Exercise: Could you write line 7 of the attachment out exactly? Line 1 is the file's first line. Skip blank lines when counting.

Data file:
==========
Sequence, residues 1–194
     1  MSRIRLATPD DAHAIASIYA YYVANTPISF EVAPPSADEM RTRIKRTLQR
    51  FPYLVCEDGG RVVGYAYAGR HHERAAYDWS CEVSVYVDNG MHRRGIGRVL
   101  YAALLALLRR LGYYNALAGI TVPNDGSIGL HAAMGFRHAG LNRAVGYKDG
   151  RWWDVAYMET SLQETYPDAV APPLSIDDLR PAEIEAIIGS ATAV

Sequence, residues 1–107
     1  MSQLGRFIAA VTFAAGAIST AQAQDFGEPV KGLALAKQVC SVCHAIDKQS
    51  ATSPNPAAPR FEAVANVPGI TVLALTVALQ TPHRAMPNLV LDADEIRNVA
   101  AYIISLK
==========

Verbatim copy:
     1  MSQLGRFIAA VTFAAGAIST AQAQDFGEPV KGLALAKQVC SVCHAIDKQS